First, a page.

• Monday, July 15, 2024
businessday logo


U.S. trade deficit drops to 11-Month low


The United States trade deficit fell in November to the lowest level in 11 months as crude oil imports dropped to a two-decade low.

The trade deficit narrowed to $39 billion in November, down 7.7 percent from a revised October deficit of $42.2 billion, the Commerce Department said on Wednesday. United States exports slipped 1 percent to $196.4 billion as sales of commercial airliners fell.

Imports dropped even faster, falling 2.2 percent to $235.4 billion, which was primarily a reflection of foreign oil declines. The volume of crude oil imported in November hit its lowest level since 1994, while the average price dropped to a two-year low.

The United States trade deficit is being helped by falling global oil prices and a boom in American energy production, which has decreased the country’s reliance on imports.

The November deficit was the lowest since a trade gap of $37.4 billion in December 2013. Through the first 11 months of 2014, the deficit is 5.1 percent above the same period in 2013.

Balance of Trade

The deficit is the excess of imports over exports for goods and services. Amounts are rounded, in billions of dollars, seasonally adjusted.

The payroll processor ADP also reported on Wednesday that American businesses increased hiring last month, in the latest sign that the nation’s economy is expanding despite worries about global growth.

Private companies added 241,000 jobs in December, ADP said, compared with 227,000 in November. That suggests that the government report on December job gains, to be released Friday, will also be healthy.The ADP numbers cover only private businesses and can differ from the government’s more complete report, which includes government agencies.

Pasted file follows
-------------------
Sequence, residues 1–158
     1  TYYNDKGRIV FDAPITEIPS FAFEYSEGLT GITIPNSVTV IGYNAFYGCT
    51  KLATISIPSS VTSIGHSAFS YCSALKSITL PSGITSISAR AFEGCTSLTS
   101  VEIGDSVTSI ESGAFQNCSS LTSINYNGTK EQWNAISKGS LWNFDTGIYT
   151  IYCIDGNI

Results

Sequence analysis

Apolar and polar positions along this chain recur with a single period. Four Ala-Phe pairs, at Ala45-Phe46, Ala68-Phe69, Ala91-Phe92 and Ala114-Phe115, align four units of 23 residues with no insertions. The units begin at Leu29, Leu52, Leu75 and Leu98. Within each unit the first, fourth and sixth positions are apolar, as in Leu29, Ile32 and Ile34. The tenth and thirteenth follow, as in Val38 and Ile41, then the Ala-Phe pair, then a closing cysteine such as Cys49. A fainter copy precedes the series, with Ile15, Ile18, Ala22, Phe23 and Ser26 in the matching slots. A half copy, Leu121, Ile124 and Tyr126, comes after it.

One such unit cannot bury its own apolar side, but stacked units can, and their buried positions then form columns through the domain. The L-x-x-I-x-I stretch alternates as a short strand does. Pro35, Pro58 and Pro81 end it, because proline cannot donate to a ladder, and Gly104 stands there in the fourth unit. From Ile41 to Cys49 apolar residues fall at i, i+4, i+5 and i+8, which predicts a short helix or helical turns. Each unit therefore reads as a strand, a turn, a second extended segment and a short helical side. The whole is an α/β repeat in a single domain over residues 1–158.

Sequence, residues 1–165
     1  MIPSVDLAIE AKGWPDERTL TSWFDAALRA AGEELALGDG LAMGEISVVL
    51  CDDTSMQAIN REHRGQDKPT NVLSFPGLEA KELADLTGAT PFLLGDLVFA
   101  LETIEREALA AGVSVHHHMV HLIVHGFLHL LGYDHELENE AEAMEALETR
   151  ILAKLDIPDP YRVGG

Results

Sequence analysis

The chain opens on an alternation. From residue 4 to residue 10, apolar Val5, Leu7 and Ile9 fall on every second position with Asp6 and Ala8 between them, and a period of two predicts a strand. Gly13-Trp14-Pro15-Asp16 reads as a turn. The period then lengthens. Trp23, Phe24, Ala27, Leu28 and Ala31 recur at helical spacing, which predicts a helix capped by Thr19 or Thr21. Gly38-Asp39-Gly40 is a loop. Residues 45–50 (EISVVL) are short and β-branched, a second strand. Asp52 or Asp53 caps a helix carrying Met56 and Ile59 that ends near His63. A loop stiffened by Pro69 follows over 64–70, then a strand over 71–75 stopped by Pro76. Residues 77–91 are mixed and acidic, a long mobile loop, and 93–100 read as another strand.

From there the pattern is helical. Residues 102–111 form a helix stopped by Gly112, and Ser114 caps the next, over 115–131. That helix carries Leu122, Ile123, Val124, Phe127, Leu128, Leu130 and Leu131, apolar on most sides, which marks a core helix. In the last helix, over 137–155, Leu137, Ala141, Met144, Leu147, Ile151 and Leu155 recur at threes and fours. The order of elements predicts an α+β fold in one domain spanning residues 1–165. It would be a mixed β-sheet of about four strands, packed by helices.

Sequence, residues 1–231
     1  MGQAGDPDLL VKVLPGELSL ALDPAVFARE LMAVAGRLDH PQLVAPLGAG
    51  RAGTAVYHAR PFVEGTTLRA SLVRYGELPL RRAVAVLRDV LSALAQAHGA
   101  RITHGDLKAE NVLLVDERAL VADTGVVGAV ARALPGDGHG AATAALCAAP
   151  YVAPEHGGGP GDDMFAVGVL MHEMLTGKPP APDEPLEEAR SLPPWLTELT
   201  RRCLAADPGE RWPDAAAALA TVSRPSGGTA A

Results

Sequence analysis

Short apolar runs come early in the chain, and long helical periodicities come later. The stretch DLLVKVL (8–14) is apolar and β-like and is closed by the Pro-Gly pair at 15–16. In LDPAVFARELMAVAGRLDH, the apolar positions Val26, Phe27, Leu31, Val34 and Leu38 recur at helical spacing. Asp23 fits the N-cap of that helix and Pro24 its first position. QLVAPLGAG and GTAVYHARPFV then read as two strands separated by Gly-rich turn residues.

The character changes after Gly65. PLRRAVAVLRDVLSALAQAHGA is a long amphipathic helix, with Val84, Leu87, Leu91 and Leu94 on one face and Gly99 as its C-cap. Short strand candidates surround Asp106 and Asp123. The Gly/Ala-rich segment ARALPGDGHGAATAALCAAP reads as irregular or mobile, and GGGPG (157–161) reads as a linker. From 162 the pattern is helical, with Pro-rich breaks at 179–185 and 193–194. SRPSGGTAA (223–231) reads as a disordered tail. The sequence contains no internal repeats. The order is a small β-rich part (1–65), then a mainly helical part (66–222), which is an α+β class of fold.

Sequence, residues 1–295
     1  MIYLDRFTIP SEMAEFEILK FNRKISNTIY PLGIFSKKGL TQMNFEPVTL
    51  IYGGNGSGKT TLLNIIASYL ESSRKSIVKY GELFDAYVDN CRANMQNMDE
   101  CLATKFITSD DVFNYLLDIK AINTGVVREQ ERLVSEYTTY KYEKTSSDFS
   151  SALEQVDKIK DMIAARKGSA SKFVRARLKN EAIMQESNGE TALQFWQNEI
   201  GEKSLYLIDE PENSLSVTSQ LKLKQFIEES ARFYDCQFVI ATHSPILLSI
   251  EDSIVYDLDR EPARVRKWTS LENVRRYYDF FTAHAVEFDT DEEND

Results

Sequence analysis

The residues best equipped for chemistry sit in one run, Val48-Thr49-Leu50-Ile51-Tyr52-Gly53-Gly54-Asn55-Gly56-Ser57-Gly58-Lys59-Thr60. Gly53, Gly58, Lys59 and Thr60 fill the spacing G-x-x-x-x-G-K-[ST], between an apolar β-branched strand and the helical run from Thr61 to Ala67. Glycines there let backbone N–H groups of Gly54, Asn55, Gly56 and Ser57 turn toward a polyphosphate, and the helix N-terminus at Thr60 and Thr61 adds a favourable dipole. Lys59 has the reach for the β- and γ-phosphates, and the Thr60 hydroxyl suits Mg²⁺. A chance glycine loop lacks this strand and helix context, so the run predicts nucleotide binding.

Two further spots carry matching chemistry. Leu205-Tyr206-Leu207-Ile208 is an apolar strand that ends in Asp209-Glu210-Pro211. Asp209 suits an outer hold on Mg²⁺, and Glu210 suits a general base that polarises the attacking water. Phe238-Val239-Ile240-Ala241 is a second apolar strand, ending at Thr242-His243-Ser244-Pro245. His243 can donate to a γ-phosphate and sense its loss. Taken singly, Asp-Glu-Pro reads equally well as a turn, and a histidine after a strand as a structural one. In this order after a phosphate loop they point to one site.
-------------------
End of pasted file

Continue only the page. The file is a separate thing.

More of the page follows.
As for the deficit, economists say they believe that it will keep rising in 2015, reflecting an expanding American economy that will import more foreign products than United States producers will sell overseas. American manufacturers are grappling with weakness in major export markets like Europe and Japan, as well as a strengthening dollar, which makes American goods more expensive for foreign consumers.

A rising trade deficit acts as a drag on economic growth, but economists are still forecasting that overall growth in 2015 will be stronger than in 2014.

In November, the politically delicate trade deficit with China dropped 8 percent to $29.9 billion but remained on track to set a high for the year. America’s deficit with China is the largest for any country. It has added to pressure on Congress and the Obama administration to take tougher actions against what critics see as unfair Chinese trade practices.

The widening trade gap with China comes at a time when the administration hopes to finally get Congress to approve the fast-track authority it needs to wrap up a major 12-nation trade agreement with Pacific Rim countries known as the Trans-Pacific Partnership.

The United States deficit with the European Union dropped 7.4 percent to $11.8 billion in November as imports from that region declined more than American exports. An economic slowdown in Europe may damp United States export sales.

Source: nytimes.com